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Melanie Colón

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About Melanie Colón

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    Louisiana State University
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  1. Wildlife Technician (Sage-grouse) - Oregon Opening for a wildlife technician to study season long horse grazing on sage-grouse habitat beginning March 4th and ending the end of June. The experiment is a collaborative research project between Roaring Springs Ranch, Oregon State University and USDA-ARS. The study uses a case study approach to determine the impacts of season long (8 months per year) horse grazing on 1. Sage-grouse nesting habitat structure and composition and 2. Behavioral interactions between nesting sage-grouse and grazing horses within active nesting habitat located near a water source. The work will involve living and working at a cattle ranch located near the Steens Mountains and will include assisting with capturing, radio-collaring and tracking grouse using VHF technology with the ranch biologist and staff in the early spring, and likely some habitat vegetation measurements and fencing work later in the spring/summer. Vegetation work will likely include some of the following: line point intercept, line intercept, visual obscurity using robel pole, daubenmire plots and belt transect. Plant ID is a plus, but most ID will likely be to functional group and training can be provided. Work might include other duties associated with the research project/ranch. 1. Courses/experience in natural resources, wildlife, botany, plant science, or related field. 2. Avian experience preferred 3. Experience with vegetation monitoring methods 4. Experience working with telemetry 5. Experience living or working in rural/remote locations 6. General knowledge of computers and skills for use of word processing and data entry. 7. Ability to carry out tasks independently and part of a team. 8. Experience with driving 4WD vehicles and GPS units. 9. Experience/ ability to perform strenuous work in extreme environments Position Duties This will primarily be a field based job involving irregular work hours and/or days. Work will consist of roughly 85% data/sample collection and processing in the field and 15% data entry and summarization. Ranch housing will be provided. Please submit a cover letter and resume to Vanessa.schroeder@oregonstate.edu with Sage-Grouse Technician in the subject line by February 4, 2019 for full consideration. Applications accepted through February 22, 2019. Start date will be March 4th and end June 30th.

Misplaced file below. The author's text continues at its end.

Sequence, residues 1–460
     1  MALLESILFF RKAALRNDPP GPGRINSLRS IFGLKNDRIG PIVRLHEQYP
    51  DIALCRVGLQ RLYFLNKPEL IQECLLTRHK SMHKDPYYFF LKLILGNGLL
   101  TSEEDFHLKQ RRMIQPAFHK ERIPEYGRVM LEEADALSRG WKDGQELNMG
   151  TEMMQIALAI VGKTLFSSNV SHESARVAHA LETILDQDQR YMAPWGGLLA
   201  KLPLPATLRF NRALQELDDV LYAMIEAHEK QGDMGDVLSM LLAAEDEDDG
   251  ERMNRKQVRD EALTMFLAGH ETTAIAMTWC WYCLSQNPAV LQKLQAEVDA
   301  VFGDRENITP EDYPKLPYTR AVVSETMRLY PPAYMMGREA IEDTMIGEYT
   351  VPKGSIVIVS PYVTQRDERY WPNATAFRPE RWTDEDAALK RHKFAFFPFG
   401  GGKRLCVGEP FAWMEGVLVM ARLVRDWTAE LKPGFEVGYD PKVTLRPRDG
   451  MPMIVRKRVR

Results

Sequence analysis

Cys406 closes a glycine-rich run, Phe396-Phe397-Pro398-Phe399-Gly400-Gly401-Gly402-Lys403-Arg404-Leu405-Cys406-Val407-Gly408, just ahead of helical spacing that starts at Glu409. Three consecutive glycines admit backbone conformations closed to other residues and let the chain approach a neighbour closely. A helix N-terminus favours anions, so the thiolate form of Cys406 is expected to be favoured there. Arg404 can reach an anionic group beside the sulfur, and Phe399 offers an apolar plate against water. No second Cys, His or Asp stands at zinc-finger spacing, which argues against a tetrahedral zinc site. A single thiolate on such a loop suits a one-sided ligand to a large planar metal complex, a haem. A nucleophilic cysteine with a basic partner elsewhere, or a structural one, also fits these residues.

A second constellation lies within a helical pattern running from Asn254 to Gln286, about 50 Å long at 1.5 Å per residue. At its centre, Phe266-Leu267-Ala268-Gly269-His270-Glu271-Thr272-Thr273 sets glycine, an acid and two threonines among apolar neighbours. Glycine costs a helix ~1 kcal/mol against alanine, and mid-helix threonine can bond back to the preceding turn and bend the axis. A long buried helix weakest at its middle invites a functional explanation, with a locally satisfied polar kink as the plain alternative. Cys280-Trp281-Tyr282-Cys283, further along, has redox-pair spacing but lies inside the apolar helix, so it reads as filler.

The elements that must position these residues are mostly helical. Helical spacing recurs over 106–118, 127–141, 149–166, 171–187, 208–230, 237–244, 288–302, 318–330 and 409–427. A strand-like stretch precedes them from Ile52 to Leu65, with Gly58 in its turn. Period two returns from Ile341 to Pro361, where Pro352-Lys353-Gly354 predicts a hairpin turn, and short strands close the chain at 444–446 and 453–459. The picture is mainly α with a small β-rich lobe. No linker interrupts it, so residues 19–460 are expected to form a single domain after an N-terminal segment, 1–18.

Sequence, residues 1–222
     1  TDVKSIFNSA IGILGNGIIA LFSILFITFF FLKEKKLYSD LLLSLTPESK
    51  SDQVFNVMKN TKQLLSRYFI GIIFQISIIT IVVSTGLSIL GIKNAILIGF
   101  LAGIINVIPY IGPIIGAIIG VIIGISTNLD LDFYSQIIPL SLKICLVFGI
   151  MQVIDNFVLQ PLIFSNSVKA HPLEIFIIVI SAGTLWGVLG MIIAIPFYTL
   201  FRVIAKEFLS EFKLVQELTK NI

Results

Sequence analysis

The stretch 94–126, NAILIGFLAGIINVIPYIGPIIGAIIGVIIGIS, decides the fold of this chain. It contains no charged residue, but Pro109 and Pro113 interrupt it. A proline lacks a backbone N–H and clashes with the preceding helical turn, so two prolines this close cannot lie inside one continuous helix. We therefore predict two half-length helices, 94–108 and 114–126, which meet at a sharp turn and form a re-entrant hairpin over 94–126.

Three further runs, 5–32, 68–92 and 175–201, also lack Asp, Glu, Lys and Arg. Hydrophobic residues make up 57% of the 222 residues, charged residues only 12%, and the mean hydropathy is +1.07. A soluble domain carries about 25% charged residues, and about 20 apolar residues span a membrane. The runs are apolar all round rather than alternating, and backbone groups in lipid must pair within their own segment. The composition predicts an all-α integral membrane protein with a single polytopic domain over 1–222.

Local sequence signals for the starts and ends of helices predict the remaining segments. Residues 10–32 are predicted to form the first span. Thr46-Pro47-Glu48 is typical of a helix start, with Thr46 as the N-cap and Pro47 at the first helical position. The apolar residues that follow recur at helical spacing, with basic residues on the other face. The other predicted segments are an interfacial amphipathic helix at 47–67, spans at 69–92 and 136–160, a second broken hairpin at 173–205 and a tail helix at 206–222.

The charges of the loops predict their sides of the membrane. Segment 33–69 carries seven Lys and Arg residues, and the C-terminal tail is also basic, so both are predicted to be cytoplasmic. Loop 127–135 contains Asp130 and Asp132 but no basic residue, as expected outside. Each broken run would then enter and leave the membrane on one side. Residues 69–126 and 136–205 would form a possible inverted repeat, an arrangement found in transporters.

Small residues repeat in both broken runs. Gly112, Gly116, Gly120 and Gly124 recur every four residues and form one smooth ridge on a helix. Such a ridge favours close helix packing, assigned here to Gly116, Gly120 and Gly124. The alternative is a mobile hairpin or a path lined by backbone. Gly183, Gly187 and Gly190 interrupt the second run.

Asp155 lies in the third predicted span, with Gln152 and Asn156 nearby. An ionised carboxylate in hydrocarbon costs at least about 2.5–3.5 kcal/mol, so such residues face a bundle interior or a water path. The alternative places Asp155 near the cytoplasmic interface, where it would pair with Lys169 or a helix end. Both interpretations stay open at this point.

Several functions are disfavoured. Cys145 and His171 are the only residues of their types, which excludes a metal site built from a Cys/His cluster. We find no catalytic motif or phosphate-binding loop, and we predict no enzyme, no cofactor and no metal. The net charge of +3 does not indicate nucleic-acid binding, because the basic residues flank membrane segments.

2. Vegetation Monitoring Technician for Sage-Grouse Research in Southern Montana We are looking for a technician to assist with a greater sage-grouse research project with the University of Wyoming. The project will focus on identifying priority seasonal habitat for sage-grouse in south-central Montana, near Bridger. The position will last approximately 2 months, beginning mid-May and ending in mid to late-July. Duties include vegetation sampling using Line Intercept, Daubenmire and Robel pole methods; identifying sagebrush steppe shrubs and forbs; navigating using maps and GPS; data entry and proofing; and operating 4WD trucks and ATV’s in remote and rugged terrain. Technician will be part of a 2-3 person crew and will have the opportunity to assist other technicians with locating radio-marked grouse using radio telemetry, monitoring nests, and nighttime brood counts. Work will require sharing camp trailers or apartments with other technicians, extensive hiking in rugged terrain, driving ATVs and 4WD trucks, long hours (> 40/wk; 10 or more hrs/day), and a willingness to endure potentially adverse environmental conditions including cold, heat, intense sun, dust, rain, snow, and biting insects. It is essential that applicants are able to work well with others and also work independently. Experience with vegetation surveys are a plus. Technicians will gain valuable experience in fieldwork, and wildlife and vegetation monitoring. Start Date: mid-May, 2019 Final Date to Apply: February 10, 2019. Salary: ~$1900/Month, housing provided. Qualifications Those who have earned or are pursuing degrees in wildlife ecology/science, rangeland ecology/science, botany, zoology, biology, ecology or related fields are encouraged to apply. Successful applicants should have the ability to: - Be detailed-oriented and take detailed field notes - Legibly record field data and enter it into Excel spreadsheets - Follow instructions and survey methodologies - Navigate using maps and GPS equipment - Work and live side-by-side with co-workers in shared housing - Maintain positive attitude while working long days and >40 hrs/wk with variable work schedules and under extreme weather conditions - Maintain positive attitude while completing repetitive and mundane tasks - Assist with vegetation surveys - Safely operate 4WD pickups and ATV’s -Work independently and as part of a team Preference will be given to those who have experience in the above job duties, but experience with every aspect of the work is not necessary. However, a willingness to learn is a must! Please send a letter of interest (1 page), resume and contact information for 3 references as a single attached document (labeled with last name) via email to Erin Birtwistle. Please include dates you are available to start work. Applicants will be reviewed starting February 10th. Contact person: Erin Birtwistle (ebirtwis at uwyo.edu)